DUE TO STRINGENT municipal regulations and other factors of the modern age, there are now few "street Arabs" or a-rabs -- those folks who take their colorfully decorated horses and wagons through city neighborhoods hawking fruits and vegetables. Seldom is their time-honored cries and the attendant jingle of harness bells heard in Baltimore neighborhoods. Lord, have mercy on us all.
Believe one who did business with them for 30 years at the old Marsh Market, located at Lombard Street and Market Place, the a-rabs were more than a distinctive Baltimore tradition. They were a strong link in the chain of produce distribution in the city for many years. Thanks to them the wholesale markets were regularly profitable to the benefit of all concerned.
For example, I used to regularly do business with an apple grower whose Harford County orchards overlooked the Susquehanna River. He dealt primarily with supermarket chains in Philadelphia, but when he got into trouble he knew where to call. One year his Philly outlets turned down his Jonathan apple crop because "the ripe condition of the fruit severely curtailed its shelf life." So he diverted two trailer loads to me.
The apples were U.S. No. 1 grade in 3-pound cellophane bags packed 12 to a carton. I had to find them a home. When the a-rabs clattered into the market from every direction about 6 a.m. one day, I told them they needn't look any farther for a good day's work. The apples were soon sold at a price that got the shipper off the hook and let the a-rabs profitably supply their customers with good fruit at half the store price.
Two generations ago, many sections of Baltimore had one or more a-rab stables run by bosses who did the buying for wagons that they rented out by the day. Handy Janey (the father of City Solicitor Neal M. Janey) operated a dozen or so teams out of his stable in the Sandtown section of northwest Baltimore for years.
I will never forget the summer I sold Handy Janey a trailer load of watermelons a few days before Independence Day. We had cut a couple of the melons before settling on a price and they looked fine. Later that same morning, Handy called to tell me that after the melons were unloaded and stacked, one of his drivers had plugged a couple more and did not like what he had found.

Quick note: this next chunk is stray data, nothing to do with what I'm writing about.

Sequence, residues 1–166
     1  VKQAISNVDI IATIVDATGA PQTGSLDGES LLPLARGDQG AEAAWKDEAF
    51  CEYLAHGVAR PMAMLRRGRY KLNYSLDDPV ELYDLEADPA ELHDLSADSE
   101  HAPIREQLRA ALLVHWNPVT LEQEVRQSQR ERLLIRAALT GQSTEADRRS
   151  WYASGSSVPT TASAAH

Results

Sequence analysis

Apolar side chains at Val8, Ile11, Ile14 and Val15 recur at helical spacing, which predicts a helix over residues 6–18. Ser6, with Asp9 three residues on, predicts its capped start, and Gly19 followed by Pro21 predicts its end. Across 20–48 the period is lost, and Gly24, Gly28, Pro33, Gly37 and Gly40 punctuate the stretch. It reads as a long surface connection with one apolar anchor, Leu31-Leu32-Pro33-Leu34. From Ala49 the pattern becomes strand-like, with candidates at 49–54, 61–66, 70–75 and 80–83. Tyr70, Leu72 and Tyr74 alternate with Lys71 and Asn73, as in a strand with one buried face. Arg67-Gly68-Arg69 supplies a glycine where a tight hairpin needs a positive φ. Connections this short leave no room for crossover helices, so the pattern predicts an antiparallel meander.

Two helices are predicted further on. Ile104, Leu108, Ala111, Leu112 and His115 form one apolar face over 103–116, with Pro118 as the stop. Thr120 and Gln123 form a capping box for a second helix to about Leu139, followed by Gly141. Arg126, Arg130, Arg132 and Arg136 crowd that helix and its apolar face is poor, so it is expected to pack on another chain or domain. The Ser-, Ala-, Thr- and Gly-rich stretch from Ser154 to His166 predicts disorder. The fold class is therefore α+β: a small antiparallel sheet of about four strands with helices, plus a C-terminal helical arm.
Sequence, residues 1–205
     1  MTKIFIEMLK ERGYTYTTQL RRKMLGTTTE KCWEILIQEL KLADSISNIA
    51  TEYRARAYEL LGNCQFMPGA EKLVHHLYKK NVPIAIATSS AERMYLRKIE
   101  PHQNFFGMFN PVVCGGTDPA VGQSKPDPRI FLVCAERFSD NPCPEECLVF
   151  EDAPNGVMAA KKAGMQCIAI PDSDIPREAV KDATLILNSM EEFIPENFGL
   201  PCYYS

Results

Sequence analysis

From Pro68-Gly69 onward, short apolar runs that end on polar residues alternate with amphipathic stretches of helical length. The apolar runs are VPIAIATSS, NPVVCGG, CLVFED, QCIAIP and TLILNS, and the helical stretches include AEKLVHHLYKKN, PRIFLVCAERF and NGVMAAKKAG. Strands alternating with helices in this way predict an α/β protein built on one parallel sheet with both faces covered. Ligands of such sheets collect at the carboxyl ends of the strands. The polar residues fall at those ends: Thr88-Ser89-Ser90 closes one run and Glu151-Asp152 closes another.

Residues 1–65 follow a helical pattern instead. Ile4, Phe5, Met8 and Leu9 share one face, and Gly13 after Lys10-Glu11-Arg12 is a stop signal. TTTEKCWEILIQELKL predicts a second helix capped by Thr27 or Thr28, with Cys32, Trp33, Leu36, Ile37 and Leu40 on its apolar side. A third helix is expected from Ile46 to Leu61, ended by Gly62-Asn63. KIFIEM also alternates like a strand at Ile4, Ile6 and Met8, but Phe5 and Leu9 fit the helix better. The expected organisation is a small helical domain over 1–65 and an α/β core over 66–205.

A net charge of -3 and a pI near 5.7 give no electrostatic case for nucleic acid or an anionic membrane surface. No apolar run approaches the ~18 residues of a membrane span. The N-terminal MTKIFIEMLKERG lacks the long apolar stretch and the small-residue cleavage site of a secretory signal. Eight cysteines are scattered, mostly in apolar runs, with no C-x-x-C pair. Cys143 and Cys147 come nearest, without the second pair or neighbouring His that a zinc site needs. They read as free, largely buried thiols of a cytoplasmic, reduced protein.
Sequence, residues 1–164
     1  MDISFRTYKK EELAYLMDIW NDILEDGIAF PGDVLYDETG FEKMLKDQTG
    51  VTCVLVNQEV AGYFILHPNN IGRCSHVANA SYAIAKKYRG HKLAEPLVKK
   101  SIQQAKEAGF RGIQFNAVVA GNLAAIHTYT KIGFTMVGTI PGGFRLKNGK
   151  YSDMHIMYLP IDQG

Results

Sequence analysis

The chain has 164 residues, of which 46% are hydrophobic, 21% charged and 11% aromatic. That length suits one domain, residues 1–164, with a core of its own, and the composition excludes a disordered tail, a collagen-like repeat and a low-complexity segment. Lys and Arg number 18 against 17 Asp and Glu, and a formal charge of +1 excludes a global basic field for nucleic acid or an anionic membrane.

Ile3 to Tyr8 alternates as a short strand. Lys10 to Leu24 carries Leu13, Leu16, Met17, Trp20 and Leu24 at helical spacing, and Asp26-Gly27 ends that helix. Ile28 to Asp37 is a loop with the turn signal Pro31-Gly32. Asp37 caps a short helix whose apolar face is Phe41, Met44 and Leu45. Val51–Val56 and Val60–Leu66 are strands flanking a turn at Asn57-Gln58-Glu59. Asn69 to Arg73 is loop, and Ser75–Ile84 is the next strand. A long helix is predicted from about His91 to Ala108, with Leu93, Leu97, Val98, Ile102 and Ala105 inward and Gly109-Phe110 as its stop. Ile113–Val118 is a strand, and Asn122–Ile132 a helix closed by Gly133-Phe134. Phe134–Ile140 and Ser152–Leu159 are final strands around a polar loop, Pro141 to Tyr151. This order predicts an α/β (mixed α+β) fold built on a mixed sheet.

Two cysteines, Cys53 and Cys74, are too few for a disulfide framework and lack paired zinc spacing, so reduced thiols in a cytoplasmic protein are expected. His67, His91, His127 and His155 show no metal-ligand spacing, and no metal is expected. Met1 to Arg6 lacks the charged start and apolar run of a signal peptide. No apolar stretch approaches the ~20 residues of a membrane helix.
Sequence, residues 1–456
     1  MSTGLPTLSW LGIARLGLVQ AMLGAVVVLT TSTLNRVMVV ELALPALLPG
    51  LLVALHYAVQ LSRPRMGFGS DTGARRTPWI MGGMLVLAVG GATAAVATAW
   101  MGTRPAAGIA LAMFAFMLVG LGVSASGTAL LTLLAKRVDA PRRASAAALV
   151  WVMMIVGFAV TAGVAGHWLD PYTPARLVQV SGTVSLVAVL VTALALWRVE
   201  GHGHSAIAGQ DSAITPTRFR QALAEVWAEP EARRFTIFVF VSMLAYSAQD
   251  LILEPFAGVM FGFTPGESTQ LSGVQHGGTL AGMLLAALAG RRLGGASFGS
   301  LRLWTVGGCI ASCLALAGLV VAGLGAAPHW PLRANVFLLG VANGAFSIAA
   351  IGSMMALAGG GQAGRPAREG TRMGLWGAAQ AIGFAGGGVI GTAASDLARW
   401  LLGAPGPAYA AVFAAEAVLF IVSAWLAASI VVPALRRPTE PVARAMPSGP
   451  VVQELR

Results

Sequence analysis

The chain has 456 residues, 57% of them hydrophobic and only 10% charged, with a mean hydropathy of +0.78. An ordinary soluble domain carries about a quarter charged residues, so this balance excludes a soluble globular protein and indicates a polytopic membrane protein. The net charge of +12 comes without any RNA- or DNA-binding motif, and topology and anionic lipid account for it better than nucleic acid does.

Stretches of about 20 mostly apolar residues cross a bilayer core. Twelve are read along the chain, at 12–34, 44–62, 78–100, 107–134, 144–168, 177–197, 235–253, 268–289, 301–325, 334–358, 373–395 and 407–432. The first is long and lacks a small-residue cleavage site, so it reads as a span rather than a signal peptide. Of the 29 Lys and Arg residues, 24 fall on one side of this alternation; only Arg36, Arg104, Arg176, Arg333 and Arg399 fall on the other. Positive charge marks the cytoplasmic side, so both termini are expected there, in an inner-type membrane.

Now I knew that any hue short of crimson is white to a Baltimore a-rab. But a boss operator with 1,000 pale melons on his hands for the Fourth of July is in the same spot as a man in an oar-less rowboat drifting toward Niagara Falls.
So I told Handy to spread a lot of straw over the pile and then wet it down good and keep it soaked. That holds the heat in the stack and quickly ripens the melons. When Handy came down a few days later to pay his bill, he pressed an index finger against a thumb to signal an "OK," accompanied by a big smile, letting me know that the soaked straw did the trick and his customers were pleased with his crimson melons.
I also well remember the group of northeast Baltimore a-rabs who decided to try their wares in the streets of New York's Harlem years ago. They loaded two open trucks, one with melons and cantaloupes and the other with vegetables and small fruits. I feared that they were heading into hostile territory so, a couple of weeks later, I made sure to ask their leader, June Simon, how they were making out.
"Well, it took a day to learn the ropes," he replied. "The trick is not to stay in one place too long. The foot traffic there is terrific so a lot of Baltimore-style yelling is unnecessary. If you got nice stuff, a crowd soon gathers and starts buying. We sold out each trip without any trouble. But it's still best to find the beat cop once you have picked a good corner and ask him to stay in sight until you leave.
"Of course, you may have to make a satisfactory arrangement for this special service," he continued with a knowing wink.
The material benefits of those summer deals of years ago have long been dissipated but there is one personal recollection that I will always treasure. Early one morning I passed a group of a-rabs standing near their empty wagons. There must have been a couple of newcomers to the business among them because I heard one of the old-timers say: "Now if you wanna load 'lopes or melons see Mr. Miller [my middle name]. He'll treat you right."
James M. Merritt owned a wholesale produce business in Baltimore for 30 years before retiring in 1976. He writes from Baltimore.